Antibody Drug Conjugates (ADC) are composed of a monoclonal antibody targeting a tumoral cell receptor, a linker and a toxic payload.
ADCs are only successful if each component is effective. The monoclonal antibody guides the toxic payload selectively to the tumor cell. The antibody needs to bind preferentially to malignant cells at a relatively high density, and internalize in a way that allows the release of the drug from the linker in the appropriate intracellular compartment.
The linker securely attachs the drug to the antibody to assure a stability in the circulation, and releases the drug once it is internalized. The cytotoxic drug needs to be nontoxic when linked to the mAb in the circulation, but capable of killing tumor cells once it is internalized and released. The conjugation of the cytotoxic molecule to the antibody inactivates the drug while it is in circulation.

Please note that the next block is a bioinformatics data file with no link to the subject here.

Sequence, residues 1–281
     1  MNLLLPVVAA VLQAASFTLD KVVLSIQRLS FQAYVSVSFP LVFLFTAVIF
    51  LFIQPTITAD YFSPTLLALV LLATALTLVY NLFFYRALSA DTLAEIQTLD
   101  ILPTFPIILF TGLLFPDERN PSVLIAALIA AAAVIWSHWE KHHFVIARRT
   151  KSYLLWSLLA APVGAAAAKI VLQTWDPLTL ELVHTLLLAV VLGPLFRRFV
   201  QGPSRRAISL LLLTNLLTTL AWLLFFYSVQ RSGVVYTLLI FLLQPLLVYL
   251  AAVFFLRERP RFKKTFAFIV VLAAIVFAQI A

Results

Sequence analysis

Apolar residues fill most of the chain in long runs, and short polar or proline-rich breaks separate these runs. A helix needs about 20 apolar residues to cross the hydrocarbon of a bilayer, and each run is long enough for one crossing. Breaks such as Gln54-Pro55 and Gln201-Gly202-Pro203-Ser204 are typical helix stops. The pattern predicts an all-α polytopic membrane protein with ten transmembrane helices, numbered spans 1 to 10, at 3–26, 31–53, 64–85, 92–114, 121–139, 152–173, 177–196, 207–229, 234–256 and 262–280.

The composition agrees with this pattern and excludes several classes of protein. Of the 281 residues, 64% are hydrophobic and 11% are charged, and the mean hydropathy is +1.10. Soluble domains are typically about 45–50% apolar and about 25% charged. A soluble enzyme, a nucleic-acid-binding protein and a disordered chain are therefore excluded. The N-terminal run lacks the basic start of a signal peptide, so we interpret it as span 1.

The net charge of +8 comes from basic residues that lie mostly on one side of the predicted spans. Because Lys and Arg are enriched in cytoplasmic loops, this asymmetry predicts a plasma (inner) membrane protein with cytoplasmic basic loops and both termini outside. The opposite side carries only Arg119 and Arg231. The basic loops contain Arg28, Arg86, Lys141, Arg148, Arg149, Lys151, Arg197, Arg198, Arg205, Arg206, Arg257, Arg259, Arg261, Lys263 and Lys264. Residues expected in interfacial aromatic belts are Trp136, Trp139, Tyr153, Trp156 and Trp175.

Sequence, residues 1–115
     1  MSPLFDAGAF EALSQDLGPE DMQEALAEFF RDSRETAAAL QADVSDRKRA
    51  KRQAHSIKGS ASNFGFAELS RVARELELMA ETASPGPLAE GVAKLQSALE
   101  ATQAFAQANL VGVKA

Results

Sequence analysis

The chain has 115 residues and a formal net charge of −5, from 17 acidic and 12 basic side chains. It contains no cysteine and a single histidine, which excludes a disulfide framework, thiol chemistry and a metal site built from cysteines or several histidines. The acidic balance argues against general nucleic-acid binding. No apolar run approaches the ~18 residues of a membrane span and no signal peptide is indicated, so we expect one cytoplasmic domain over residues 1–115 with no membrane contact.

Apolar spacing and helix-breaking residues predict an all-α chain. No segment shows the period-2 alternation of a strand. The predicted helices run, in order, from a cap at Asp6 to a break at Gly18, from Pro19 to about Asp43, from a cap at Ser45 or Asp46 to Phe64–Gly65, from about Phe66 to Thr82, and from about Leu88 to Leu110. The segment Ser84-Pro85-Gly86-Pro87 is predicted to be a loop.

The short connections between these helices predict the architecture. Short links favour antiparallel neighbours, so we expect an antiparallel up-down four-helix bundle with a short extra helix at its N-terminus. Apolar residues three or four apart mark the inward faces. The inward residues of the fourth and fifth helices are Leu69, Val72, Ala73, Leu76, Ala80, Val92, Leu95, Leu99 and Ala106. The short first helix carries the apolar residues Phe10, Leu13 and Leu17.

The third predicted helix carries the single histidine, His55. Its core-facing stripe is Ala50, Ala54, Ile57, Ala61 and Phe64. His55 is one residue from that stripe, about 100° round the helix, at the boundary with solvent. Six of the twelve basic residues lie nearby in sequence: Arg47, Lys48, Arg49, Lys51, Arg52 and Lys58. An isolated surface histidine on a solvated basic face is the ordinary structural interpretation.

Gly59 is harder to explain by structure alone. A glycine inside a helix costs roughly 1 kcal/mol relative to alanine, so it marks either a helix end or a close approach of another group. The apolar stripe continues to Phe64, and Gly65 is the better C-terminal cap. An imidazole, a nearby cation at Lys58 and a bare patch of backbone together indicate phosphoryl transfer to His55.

Like a Trojan horse, the toxin enters the cancer cell unnoticed in this way. At this point, the toxin is still firmly connected with the antibody. This connection must be broken before the active substance can begin its deadly work within the tumor. The linker provides cleavage and release of the toxin within the targeted cancer cell leading to cell death. Efficient internalization of the antigen is one of the key points if this mechanism of action.